An interesting experience yesterday. I came across a reader’s review of Little Monsters on the Waterstones site. It starts like this:
I wasn’t sure I would like this book. A tale of a young girl setting up home with her uncle sounded terribly seedy.
Hmm. Seedy. It goes on to say:
The story is narrated, in reflective mode, by Carol Foxe, the young girl in question, whose dad has murdered her mum so is put into the ‘care’ of her selfish and hard-hearted aunt Margot and attentive Polish uncle (Joey) Jozef who live over the pub they run. HIs friendliness towards her as a child – come to the basement, come for a walk, I have something to show you, don’t tell your aunt – all smack of grooming. The intention may have been to give an air of innocent caring and concern towards the young girl but it struck me as highly inappropriate.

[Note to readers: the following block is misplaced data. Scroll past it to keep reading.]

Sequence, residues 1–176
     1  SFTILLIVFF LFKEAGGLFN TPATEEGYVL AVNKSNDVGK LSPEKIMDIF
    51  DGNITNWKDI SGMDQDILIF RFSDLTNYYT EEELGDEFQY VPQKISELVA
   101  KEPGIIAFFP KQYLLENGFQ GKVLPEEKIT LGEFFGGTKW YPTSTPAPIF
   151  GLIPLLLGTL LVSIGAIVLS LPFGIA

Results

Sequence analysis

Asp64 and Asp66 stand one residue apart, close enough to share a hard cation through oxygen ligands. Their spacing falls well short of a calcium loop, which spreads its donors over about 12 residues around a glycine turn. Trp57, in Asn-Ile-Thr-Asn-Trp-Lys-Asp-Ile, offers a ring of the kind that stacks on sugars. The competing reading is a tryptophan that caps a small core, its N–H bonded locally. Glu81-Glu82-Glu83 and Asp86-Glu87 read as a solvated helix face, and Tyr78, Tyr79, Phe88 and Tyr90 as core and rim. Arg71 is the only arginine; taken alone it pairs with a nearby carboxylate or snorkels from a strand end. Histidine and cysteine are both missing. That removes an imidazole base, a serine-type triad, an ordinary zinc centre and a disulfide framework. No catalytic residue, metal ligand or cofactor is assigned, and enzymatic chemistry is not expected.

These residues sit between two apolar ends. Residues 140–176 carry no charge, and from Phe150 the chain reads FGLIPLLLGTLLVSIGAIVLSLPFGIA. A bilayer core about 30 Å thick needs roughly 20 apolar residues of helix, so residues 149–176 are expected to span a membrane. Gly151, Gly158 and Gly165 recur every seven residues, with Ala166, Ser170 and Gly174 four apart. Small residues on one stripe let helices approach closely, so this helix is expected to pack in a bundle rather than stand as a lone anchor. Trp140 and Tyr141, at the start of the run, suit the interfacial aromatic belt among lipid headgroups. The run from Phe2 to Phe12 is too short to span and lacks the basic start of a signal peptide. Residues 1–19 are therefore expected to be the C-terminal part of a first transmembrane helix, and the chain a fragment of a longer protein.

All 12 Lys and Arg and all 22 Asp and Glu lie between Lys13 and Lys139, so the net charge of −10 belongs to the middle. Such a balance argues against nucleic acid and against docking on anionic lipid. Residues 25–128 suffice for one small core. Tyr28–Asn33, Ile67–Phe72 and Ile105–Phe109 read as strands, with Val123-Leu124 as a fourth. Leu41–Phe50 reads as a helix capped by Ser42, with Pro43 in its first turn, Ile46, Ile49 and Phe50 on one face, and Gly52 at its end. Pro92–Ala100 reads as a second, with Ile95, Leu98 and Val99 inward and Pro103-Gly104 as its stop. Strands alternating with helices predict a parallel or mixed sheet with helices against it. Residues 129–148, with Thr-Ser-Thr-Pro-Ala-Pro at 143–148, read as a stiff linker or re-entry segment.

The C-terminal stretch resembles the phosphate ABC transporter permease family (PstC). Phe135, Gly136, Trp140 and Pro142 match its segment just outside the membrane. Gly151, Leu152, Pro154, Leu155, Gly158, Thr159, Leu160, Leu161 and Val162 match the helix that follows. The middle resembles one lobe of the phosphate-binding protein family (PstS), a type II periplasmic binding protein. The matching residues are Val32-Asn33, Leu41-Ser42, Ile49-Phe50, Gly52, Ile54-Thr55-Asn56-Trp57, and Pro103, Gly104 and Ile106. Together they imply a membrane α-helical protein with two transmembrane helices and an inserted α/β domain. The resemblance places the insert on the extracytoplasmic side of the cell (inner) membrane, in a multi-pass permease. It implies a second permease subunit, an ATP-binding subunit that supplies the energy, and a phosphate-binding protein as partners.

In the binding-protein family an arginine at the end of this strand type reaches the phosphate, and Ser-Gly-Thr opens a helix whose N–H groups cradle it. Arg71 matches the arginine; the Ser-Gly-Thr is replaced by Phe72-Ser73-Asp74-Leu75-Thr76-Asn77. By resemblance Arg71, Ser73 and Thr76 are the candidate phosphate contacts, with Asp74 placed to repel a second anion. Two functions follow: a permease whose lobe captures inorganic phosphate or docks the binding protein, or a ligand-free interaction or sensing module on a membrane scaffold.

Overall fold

I’m all in favour of complex texts offering – even requiring – multiple readings, but I wonder if anyone else has seen Jozef’s behaviour as ‘inappropriate’. And I wonder, in this context, what ‘inappropriate’ means. It’s revealing, I think, that the reviewer distinguishes between what she perceives, quite rightly, as the author’s intention, to ‘give [Jozef] an air of innocent caring and concern’, although innocent doesn’t seem to me to be a particularly useful (or appropriate) word here, and what she, on the other hand, reads as a series of acts intended to set Carol up as sexual prey. What’s even more interesting is that she doesn’t notice how much more like ‘grooming’ Carol’s behaviour towards Kakuna is, although here too it would be reductive to see their relationship merely in these terms. Perhaps this kind of behaviour is more appropriate between a woman and a girl. But if novels are concerned with – and judged by their adherence to – what’s appropriate, where does that leave fiction? Reading this review made me feel that what I’d written could have been reshelved as a misery memoir if I’d only had the sense to grasp what Jozef was really up to.
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